In contrast, U.S. Pat. No. 5,375,611 discloses a method of reducing the risk of PCO by preventing the adherence of the posterior capsule to the IOL. According to the '611 patent, the posterior surface of the lens capsule itself is chemically modified at the time of extracapsular cataract extraction. The chemical modification is achieved by depositing a water-insoluble stable or permanent layer of a cell attachment preventing compound onto the posterior surface of the lens capsule. The stable or permanent layer may be a polymer, such as polyethylene glycol, polysaccharides, polyethylenepropylene glycol, and polyvinyl alcohols.

SUMMARY OF THE INVENTION

The present invention relates to a bicomposite intraocular lens and a method for its preparation. According to the present invention, a bicomposite IOL optic comprising an anterior surface material consisting of an ophthalmically acceptable lens-forming material and a posterior surface material, different from the anterior surface material, for reducing the risk of posterior capsule opacification is prepared. The posterior surface material consists essentially of two or more aryl acrylic hydrophobic monomers. The method comprises the steps of (a) forming a posterior surface layer of material by polymerizing a posterior surface material composition consisting essentially of two or more aryl acrylic hydrophobic monomers and a cross-linking agent in a mold having the desired IOL posterior surface shape; (b) forming an anterior surface layer by adding a liquid anterior composition consisting of an ophthalmically acceptable IOL material to the top of the posterior surface layer and polymerizing the liquid anterior composition.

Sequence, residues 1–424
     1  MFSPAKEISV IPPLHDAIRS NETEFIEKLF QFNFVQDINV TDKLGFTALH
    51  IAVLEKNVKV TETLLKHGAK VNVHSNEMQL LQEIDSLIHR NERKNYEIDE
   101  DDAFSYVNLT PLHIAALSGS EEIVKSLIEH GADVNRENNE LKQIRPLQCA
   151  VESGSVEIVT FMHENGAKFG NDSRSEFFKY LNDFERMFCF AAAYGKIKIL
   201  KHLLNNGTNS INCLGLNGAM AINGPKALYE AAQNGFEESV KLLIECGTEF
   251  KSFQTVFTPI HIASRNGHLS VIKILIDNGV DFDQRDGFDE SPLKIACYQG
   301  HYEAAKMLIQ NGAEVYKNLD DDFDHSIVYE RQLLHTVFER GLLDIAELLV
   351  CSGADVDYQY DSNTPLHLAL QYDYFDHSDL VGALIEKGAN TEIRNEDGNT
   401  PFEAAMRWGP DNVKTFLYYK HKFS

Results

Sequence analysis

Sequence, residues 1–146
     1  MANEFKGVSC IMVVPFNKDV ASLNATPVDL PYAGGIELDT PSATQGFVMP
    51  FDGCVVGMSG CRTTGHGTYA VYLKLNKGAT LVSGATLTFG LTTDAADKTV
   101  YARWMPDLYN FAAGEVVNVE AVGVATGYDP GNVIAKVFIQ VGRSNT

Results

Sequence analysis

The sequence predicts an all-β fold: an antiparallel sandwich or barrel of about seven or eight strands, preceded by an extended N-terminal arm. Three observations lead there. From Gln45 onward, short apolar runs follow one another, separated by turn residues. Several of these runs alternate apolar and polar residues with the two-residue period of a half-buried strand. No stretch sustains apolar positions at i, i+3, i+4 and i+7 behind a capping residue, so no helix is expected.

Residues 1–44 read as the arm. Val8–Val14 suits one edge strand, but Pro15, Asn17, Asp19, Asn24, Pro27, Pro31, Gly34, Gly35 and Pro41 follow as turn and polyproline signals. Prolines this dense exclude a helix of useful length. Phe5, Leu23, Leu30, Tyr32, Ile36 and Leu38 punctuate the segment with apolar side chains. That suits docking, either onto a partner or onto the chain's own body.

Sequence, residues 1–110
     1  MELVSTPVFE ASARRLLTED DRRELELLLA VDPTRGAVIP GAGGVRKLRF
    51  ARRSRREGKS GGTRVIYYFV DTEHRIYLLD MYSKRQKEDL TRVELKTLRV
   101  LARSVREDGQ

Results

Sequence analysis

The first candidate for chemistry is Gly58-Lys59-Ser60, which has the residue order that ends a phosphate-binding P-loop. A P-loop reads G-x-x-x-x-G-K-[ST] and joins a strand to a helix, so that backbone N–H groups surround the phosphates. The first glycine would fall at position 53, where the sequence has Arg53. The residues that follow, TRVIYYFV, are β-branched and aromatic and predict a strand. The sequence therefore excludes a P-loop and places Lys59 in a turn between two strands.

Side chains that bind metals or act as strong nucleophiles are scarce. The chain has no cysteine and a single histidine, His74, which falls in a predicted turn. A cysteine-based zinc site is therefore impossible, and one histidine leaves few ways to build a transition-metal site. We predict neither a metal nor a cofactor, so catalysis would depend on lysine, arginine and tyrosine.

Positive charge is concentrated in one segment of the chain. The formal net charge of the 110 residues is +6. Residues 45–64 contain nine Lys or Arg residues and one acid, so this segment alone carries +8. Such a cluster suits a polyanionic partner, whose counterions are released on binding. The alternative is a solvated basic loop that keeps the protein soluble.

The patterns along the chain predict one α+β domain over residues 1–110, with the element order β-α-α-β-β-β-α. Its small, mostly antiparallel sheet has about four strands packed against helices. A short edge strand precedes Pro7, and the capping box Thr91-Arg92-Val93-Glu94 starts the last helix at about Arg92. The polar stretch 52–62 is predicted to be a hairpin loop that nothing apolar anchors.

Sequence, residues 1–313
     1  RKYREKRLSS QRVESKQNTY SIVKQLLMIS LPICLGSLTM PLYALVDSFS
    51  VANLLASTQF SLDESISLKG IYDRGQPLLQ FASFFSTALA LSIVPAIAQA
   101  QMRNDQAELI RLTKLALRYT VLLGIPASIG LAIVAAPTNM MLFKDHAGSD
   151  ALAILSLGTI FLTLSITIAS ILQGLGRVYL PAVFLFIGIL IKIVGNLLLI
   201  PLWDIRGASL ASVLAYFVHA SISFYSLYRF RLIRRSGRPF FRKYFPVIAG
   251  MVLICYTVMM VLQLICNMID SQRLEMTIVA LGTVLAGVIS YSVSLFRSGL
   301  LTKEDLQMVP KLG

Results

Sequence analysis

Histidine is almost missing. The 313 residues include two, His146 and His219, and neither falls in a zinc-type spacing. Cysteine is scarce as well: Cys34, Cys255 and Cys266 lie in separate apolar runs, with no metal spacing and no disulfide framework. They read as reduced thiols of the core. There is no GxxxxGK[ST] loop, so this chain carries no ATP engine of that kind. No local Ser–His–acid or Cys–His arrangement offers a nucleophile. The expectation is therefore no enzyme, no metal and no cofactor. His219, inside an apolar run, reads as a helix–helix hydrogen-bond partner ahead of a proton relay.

DETAILED DESCRIPTION OF THE INVENTION

The bicomposite IOL of the present invention comprises an anterior surface layer and a posterior surface layer, different from the anterior surface layer, which reduces the risk of posterior capsule opacification.

STEP (A):

The bicomposite IOL is prepared by first polymerizing a posterior surface material consisting essentially of at least two aryl acrylic hydrophobic monomers of the formula

wherein: X is H or CH3;

m is 0-10;

Y is nothing, O, S, or NR wherein R is H, CH3, CnH2n+1 (n=1-10) iso OC3H7, C6H5, or CH2C6H5;

Ar is any aromatic ring which can be unsubstituted or substituted with CH3, C2H5, n-C3H7, iso-C3H7, OCH3, C6H11, Cl, Br, C6H5, or CH2C6H5;

and a cross-linking agent.